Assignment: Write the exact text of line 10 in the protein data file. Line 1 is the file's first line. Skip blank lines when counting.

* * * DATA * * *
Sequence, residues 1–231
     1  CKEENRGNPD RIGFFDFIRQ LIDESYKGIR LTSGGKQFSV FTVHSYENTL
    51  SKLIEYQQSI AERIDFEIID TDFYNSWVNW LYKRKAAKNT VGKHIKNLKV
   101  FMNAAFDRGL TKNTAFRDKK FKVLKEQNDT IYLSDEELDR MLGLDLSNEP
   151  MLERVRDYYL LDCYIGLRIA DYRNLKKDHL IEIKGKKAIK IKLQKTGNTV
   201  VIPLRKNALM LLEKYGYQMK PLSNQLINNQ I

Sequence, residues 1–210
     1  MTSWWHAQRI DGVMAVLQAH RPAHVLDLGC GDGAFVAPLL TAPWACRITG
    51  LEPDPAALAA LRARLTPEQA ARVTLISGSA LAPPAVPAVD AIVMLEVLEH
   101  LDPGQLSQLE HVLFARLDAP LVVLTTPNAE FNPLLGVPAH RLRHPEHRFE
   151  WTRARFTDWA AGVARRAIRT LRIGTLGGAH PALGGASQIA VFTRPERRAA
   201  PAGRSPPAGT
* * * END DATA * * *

   101  LDPGQLSQLE HVLFARLDAP LVVLTTPNAE FNPLLGVPAH RLRHPEHRFE